Updated: Jun 25, 2021
Before I embark on this review, it's essential to clarify that I have no medical training. Therefore, my experiences are only reported as that and should not be seen as medical fact or guidance.
Wim Hoff is most famous for his record-breaking feats under extreme cold exposure. Known as 'The Ice Man', I had heard of him but written him off initially as some nutter who likes to torture himself. After all, I'd lived in Thailand in a hut with no aircon, everyone that knows me knows I am a heat worshipper, but the more I researched, the more credibility I encountered. Now, exposure to cold is a huge part of Wim's practices, and I will be reviewing this in a separate blog, but breathing techniques are the most accessible and least scary part, so it's a great place to start!
I was initially attracted by the many reported benefits, which extended far past my primary need for help with my mental health:
1. Increase in Energy
2. Improved Mental health
3. Boosted Immune system
4. Increase in Sport Performance (In line with the energy thing)
5. Stress relief
6. Better Sleep
7. Faster Workout Recovery
8. Improved Willpower
9. Increase in Concentration
10. Cold Tolerance
12. Decreased inflammation
Could all of this be true? Another fabulous thing about this treatment is that it is drug and financially free 😊 . I would be sparing my body any nasty chemicals, and I could start straight away. In short, I had nothing to lose.
The first time I lay down on my bed (you can sit or lay down in a safe place, I prefer the relaxation of laying down), listening to the guided breathing on YouTube (Guided Wim Hof Method Breathing - YouTube), I felt a bit daft. Essentially making yourself hyperventilate by breathing all the way in and exhaling 30 – 40 times (many followers call this power breathing). For a more detailed description of this technique, please check out this informative page: Wim Hof breathing exercise explained in 6 steps (thoughtbrick.com)
The first thing I noticed is that it's noisy, breathing in like you're inhaling laughing gas and exhaling with a simpering release. By breath 20, I began to feel light-headed, later came tingling fingers and toes, followed by a gentle ringing in my ears. It sounds unpleasant, but it wasn't. I was focused solely on my breathing; this freed my thoughts from the chaos that had been raging. By the time I exhaled and held my breath, for as long as was comfortable; a 'mind blowing' 55 seconds, I was utterly relaxed. Floaty is the best way I can describe the sensation, which increased round after round along with the time I could hold my breath.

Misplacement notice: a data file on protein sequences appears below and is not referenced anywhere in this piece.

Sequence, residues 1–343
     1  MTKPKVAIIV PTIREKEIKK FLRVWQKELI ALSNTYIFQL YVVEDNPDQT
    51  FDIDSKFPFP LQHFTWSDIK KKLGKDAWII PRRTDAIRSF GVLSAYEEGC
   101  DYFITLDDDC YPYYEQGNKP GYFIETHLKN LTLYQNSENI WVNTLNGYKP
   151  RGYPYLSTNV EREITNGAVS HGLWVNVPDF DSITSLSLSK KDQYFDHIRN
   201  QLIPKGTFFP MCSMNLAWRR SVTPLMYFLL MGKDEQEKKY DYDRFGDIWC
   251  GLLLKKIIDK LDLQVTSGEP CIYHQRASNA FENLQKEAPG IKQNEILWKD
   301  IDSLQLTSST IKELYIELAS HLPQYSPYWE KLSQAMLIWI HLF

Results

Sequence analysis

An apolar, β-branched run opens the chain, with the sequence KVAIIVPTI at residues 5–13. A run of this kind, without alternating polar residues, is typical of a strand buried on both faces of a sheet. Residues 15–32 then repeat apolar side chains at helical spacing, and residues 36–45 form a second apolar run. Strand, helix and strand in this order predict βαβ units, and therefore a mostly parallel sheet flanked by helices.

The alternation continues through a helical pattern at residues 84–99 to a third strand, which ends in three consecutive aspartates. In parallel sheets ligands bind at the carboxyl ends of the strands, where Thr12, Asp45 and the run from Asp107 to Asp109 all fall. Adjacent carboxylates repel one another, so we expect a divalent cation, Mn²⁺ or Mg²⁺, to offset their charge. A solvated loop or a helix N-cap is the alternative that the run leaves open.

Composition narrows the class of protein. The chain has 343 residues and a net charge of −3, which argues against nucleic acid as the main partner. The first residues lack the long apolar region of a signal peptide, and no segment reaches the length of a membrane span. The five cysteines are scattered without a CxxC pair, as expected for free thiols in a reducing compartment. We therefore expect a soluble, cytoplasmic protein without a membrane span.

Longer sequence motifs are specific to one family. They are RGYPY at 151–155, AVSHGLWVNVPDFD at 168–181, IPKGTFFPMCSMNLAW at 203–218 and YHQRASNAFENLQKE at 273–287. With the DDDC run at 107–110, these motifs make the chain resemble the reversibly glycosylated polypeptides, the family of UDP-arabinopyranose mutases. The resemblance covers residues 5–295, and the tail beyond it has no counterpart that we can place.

On that first day I enjoyed 3 rounds of power breathing, followed by breath hold, more experienced practitioners often do more rounds and hold their breath for far longer, but this is not a competition). When I finished my session, I sat up, smiling, as if awakening from a pleasant dream. What a perfect way to start the day!
My anxiety noticeably eased after about 3 days. Whether from the breathing itself or from the technique's meditative nature, I'm not sure. I am confident that taking time away from my busy days is beneficial and calming. Sleep was the next thing to improve, after around a week, I was dropping off more quickly and waking far less often.
I was so encouraged by the immediate results that I started doing it every day, but as a Mother, with children who like to get up at 6.a.m, I struggled to keep this going. After around three weeks, life got in the way, and I dropped down to about 3/4 times a week. There are times that I miss a week, and I really feel the difference. I can only describe it as an edginess that creeps in; the odd caught breath and racing heart dissipate when I resume my practice, which is proof enough for me that I should keep up with this.
In the long term, I have noticed that my hayfever symptoms have vastly improved this year, and for the first time I can remember, I no longer take medication for them. Now, here's the biggy, and it is terrific! This technique eased migraines and hangovers! It can be hard to get going when your head is pounding, self-induced or otherwise, but this is an aid to my recovery, which often renders painkillers superfluous.
After approximately 5 months of practice my breath holding tends to range from 1 minute 45 - 2 minutes 30, the longer I hold my breath the more intensely I feel the benefits, which is a result I've heard echoed by others but I can't pretend that I know why. I have not gone back to taking anti-depressants (although I have also embarked on other types of therapy so I cannot pretend that this was the magic that cured me).
My advice if you are interested in this practice is to give it a shot! Loads of information is available via Breathing techniques | Wimhofmethod.com , YouTube documentaries and FaceBook Groups for free.
There are many Wim Hoff books, tutors, camps, and seminars around, with varying price tags attached. From my experience, they are not flogging false hope or quack medication. I have found such wonderful benefits that I will be partaking in a camp later in 2021 (dependent on Covid restrictions) and hope to provide a full review for you then!
I would LOVE to hear your experiences of this technique, good or bad. If you have been on a retreat please let me know how you got on and if you would recommend it.